November 27 | Bible in a Year: Ezekiel 30-32; 1 Peter 4
Better one handful with tranquillity than two handfuls with toil and chasing after the wind.
READ ECCLESIASTES 4:4–8
In the ancient fable The Boy and the Filberts (Nuts), a boy sticks his hand into a jar of nuts and grabs a great fistful. But his hand is so full that it gets stuck in the jar. Unwilling to lose even a little of his bounty, the boy begins to weep. Eventually, he’s counseled to let go of some of the nuts so the jar will let go of his hand. Greed can be a hard boss.
The wise teacher of Ecclesiastes illustrates this moral with a lesson on hands and what they say about us. He compared and contrasted the lazy with the greedy when he wrote: “Fools fold their hands and ruin themselves. Better one handful with tranquillity than two handfuls with toil and chasing after the wind” (4:5-6). While the lazy procrastinate until they’re ruined, those who pursue wealth come to realize their efforts are “meaningless—a miserable business!” (v. 8).
According to the teacher, the desired state is to relax from the toil of greedy grasping in order to find contentment in what truly belongs to us. For that which is ours will always remain. As Jesus said, “What good is it for someone to gain the whole world, yet forfeit their soul” (Mark 8:36).
By Remi Oyedele
REFLECT & PRAY
God, thank You for Your provision and faithful presence in my life. Help me to live in a contented way, exhibiting true gratefulness to You.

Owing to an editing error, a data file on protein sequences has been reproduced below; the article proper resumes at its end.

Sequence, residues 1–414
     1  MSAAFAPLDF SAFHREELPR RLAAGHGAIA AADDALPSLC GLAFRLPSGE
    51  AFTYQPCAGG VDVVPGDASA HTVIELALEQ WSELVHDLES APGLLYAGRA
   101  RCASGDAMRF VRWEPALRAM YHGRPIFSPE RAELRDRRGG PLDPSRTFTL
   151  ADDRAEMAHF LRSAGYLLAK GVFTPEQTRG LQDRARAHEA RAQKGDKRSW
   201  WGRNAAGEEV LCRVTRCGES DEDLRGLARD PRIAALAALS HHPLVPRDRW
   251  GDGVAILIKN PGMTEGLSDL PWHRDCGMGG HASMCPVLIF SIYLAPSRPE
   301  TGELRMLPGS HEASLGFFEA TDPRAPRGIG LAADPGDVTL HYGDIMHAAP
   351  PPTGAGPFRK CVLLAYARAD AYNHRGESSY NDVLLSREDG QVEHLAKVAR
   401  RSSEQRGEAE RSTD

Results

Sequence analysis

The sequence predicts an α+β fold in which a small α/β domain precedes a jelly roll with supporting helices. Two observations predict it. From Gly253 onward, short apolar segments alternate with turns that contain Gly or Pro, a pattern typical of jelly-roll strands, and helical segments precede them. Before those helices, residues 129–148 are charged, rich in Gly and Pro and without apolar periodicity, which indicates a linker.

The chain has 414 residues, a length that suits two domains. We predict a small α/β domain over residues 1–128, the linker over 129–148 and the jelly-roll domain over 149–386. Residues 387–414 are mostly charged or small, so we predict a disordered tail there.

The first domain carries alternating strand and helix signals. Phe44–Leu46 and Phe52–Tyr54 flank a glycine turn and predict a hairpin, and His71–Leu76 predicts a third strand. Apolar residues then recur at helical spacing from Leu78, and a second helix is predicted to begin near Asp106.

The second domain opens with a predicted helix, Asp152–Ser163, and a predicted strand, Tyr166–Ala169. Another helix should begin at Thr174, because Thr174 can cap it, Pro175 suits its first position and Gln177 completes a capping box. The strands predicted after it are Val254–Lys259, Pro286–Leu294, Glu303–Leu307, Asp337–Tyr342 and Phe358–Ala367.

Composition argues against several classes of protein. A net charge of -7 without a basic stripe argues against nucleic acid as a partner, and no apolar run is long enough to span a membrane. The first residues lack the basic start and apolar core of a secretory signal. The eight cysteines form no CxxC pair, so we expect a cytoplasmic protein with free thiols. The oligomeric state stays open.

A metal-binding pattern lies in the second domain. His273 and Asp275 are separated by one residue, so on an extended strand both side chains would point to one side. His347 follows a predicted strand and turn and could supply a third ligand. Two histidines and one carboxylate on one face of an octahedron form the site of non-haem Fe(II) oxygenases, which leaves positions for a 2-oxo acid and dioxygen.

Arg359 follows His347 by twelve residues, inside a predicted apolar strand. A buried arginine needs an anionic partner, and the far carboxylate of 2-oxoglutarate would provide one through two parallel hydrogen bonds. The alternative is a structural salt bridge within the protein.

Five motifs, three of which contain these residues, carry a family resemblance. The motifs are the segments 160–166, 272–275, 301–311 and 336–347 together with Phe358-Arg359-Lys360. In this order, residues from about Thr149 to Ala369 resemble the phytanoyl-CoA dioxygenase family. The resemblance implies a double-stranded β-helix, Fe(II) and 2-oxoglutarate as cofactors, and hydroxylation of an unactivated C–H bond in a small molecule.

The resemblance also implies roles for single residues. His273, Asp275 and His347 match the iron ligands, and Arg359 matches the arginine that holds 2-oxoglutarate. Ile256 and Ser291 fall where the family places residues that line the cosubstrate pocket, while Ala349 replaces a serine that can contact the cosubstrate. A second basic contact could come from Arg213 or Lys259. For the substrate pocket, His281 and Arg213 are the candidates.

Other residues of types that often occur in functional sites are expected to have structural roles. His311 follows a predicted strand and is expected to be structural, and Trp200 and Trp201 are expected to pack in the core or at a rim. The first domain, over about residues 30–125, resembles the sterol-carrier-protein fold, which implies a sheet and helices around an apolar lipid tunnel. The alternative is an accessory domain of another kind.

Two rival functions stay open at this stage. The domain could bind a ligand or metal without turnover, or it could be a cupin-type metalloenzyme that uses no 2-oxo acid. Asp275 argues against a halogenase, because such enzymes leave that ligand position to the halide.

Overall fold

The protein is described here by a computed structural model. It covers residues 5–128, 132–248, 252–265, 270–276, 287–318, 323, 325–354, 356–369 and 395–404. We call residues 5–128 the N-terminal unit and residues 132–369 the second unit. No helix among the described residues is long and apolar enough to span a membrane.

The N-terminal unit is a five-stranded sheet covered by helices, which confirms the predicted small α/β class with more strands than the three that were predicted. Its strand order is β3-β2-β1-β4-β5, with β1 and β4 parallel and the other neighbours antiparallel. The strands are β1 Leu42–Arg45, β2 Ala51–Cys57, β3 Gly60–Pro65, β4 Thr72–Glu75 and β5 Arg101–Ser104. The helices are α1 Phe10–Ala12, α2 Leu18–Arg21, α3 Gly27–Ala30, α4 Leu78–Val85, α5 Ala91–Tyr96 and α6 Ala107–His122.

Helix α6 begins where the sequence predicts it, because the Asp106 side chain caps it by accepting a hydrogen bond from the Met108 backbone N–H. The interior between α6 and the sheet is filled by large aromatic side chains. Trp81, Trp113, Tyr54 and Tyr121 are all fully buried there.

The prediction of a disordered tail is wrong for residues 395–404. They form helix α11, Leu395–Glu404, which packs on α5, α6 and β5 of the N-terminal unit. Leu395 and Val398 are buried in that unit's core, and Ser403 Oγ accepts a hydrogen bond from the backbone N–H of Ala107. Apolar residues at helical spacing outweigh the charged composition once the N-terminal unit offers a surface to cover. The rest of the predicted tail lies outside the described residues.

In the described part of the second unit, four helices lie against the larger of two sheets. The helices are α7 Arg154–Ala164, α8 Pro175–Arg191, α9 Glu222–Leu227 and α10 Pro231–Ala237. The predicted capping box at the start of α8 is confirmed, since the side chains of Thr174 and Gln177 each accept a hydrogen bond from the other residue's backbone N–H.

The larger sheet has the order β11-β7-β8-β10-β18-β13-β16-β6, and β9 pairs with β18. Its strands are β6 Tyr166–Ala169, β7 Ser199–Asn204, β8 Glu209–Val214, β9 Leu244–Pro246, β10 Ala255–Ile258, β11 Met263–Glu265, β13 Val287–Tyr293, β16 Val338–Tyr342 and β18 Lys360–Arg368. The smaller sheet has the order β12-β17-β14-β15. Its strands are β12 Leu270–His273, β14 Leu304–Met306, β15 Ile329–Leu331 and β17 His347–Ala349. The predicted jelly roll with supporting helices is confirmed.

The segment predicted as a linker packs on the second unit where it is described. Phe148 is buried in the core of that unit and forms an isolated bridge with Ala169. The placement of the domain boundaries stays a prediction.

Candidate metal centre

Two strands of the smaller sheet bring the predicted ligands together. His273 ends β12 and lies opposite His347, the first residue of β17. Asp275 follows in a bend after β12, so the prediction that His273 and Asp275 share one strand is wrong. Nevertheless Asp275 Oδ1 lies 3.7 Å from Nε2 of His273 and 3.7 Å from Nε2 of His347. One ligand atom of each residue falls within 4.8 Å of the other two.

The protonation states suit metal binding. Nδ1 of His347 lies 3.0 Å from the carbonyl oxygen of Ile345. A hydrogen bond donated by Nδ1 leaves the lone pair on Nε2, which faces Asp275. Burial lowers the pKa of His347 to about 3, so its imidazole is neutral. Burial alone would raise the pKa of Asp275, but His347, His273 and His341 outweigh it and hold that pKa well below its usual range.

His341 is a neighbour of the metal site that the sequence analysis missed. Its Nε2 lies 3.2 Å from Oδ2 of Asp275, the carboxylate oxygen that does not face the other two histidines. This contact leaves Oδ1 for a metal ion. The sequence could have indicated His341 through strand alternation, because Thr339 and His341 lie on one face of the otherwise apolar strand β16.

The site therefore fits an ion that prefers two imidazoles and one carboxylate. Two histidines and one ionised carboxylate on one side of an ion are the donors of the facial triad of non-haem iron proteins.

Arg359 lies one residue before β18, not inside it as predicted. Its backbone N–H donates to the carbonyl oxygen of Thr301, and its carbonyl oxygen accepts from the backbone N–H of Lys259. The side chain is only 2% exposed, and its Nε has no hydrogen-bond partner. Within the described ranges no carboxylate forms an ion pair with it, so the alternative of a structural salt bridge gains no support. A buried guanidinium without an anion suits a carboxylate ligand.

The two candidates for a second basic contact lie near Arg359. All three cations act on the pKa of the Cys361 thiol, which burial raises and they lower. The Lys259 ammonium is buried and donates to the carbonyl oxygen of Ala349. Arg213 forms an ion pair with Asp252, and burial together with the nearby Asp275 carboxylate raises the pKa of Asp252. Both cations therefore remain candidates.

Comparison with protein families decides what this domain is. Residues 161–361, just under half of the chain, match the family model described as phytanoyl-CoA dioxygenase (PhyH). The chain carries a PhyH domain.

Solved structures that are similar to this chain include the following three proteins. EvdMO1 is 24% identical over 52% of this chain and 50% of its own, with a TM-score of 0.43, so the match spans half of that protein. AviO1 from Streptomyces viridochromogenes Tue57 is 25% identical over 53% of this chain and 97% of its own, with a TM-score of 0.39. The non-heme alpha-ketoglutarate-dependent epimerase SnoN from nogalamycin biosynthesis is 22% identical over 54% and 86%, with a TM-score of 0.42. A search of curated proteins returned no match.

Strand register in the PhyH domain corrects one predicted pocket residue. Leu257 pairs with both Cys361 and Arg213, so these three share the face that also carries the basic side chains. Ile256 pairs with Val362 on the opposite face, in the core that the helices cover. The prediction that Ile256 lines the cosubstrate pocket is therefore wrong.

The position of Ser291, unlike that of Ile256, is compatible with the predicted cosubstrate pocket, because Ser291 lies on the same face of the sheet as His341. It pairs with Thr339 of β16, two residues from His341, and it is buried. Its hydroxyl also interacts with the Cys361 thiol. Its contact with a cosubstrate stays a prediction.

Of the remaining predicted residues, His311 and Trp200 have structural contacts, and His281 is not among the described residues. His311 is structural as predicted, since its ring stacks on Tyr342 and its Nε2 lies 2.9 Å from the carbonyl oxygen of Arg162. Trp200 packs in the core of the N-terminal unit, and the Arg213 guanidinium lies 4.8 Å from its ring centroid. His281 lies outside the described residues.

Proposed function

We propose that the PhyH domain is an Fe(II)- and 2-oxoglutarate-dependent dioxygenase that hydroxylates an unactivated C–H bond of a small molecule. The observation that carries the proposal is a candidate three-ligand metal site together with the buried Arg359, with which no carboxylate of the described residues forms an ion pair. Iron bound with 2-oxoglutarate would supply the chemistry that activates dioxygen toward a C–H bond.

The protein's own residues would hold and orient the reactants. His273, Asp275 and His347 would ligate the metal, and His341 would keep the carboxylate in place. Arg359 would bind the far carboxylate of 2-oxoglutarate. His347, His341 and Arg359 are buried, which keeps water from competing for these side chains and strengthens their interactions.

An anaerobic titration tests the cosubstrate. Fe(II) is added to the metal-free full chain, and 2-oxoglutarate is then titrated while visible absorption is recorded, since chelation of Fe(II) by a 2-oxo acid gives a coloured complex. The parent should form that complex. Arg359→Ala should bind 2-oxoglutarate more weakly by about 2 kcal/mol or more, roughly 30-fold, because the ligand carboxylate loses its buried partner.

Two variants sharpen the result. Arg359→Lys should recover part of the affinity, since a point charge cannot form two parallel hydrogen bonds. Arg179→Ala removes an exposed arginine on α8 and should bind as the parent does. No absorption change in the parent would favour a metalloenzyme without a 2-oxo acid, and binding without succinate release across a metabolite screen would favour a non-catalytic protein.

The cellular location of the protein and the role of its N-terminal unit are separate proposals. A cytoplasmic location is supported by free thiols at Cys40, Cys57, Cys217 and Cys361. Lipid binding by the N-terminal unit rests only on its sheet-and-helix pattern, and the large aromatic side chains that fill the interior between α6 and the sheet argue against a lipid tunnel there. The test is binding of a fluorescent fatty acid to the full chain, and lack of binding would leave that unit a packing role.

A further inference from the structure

What are you driven to pursue and grasp? How can you apply the wise words of Ecclesiastes in order to find tranquility?
The book of Ecclesiastes is properly placed amid the Wisdom books of the Old Testament (Job, Psalms, Proverbs, Ecclesiastes, Song of Songs). This obscure book highlights the concerns of mankind from the beginning, with questions about God, earthly living and eternity, joy and sorrow, good and evil, death and dying, wisdom and folly. Ecclesiastes is like a twelve-chapter journal where the author records his musings and perspective on how life works. The writer is a realist (he doesn’t ignore the many complexities of life) and uses phrases that represent the author’s varied frustrations. The word meaningless is repeated thirty-five times, and the phrase chasing after the wind occurs nine times. But the writer is also a theist—he believes in God. He urges his readers to acknowledge and reverence their Maker. Why? “God will bring every deed into judgment, including every hidden thing, whether it is good or evil” (12:14). Arthur Jackson